So if your roommate (not you) is in a bad mood, crabby, has decreased energy, poor judgement, and is gaining weight, maybe they just need more sleep.

More later on how to get a good night’s sleep.

Pat Balassone, CNP

In search of the perfect pillow

When changing the sheets last month, I noticed that our pillows looked – well – disgusting. They had a

Could this be the pillow I seek?

Could this be the pillow I seek?

bunch of yellowish slobber type stains on them and no longer held their shape. I couldn’t remember when we purchased them and decided then and there it was time for new pillows.

I had no idea there were so many different types of pillows. Pillows for back sleepers, stomach sleepers, side sleepers.   Down pillows, down alternative pillows, memory foam pillows. Expensive pillows, cheap pillows. Pillows to keep you cool at night. You name it – there’s a pillow.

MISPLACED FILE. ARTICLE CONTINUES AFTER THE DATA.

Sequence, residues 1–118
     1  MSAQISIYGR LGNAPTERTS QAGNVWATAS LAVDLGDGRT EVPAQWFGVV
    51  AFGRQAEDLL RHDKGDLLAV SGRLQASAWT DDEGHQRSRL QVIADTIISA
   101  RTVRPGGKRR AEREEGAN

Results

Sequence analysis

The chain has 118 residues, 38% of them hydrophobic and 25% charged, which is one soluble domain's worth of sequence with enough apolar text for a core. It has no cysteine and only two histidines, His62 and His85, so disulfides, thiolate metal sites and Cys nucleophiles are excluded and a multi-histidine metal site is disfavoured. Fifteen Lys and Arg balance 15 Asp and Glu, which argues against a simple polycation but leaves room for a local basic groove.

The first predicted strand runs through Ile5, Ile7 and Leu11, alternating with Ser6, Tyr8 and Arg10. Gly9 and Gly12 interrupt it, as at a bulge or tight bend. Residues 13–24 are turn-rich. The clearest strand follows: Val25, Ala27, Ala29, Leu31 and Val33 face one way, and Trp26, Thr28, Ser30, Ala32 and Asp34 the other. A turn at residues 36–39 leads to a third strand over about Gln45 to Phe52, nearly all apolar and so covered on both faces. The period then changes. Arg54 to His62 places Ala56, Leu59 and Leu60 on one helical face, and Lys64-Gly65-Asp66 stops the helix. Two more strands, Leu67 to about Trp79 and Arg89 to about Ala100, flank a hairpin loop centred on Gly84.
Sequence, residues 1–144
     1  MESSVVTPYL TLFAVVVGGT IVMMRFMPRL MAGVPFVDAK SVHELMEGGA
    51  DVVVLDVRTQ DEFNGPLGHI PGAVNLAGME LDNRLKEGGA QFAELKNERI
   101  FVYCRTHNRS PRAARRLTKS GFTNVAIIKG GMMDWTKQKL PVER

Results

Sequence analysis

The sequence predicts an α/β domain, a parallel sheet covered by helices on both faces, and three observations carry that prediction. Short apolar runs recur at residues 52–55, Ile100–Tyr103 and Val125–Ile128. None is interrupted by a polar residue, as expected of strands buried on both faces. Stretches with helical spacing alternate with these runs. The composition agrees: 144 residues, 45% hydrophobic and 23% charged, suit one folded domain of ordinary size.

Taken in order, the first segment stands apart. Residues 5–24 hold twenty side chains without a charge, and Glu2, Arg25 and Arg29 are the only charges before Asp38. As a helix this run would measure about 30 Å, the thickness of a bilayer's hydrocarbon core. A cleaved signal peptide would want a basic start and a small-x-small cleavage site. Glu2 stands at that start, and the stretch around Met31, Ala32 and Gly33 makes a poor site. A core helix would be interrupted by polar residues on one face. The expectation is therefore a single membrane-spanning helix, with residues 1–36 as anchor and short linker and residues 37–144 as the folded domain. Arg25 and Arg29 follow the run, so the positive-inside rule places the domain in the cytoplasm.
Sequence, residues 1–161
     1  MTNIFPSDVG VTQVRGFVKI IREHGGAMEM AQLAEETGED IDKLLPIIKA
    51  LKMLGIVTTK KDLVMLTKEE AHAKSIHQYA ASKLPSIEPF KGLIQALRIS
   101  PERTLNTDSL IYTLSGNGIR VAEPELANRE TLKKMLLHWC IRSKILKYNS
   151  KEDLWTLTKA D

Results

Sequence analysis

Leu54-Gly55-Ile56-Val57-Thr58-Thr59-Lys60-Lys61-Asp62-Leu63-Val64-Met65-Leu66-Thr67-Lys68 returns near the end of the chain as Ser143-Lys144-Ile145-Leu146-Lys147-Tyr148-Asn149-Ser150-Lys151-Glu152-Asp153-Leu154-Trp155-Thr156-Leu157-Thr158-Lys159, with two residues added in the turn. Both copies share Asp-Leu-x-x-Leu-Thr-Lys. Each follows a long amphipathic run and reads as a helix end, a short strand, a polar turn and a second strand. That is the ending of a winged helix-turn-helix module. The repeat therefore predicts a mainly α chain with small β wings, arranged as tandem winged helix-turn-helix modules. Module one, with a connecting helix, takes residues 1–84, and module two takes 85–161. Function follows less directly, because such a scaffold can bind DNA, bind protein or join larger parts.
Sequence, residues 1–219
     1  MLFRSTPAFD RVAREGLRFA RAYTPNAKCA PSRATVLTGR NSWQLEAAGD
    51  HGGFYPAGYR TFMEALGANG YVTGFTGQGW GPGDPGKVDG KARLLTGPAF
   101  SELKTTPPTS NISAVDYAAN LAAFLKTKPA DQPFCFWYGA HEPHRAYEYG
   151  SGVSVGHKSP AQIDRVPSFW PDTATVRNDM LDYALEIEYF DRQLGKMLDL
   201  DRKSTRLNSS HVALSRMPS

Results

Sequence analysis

I had determined not to go with the cheapest, but to try and go up a notch and pick a good quality pillow. I am a side sleeper and set my sights on those types of pillows. I pulled out a few, squeezed them, felt them for support, etc. and selected our replacements. Side sleeper pillows come in medium firmness and firm with the thought being that they need to support the head for the width of the shoulders.

I got home, changed out our pillows and tossed the old ones into the garbage. Three days later I was greatly regretting this new purchase. Sore doesn’t even begin to describe the state of my neck. I was so uncomfortable that I chucked the new pillow and just slept without. I then went on a search for a new pillow.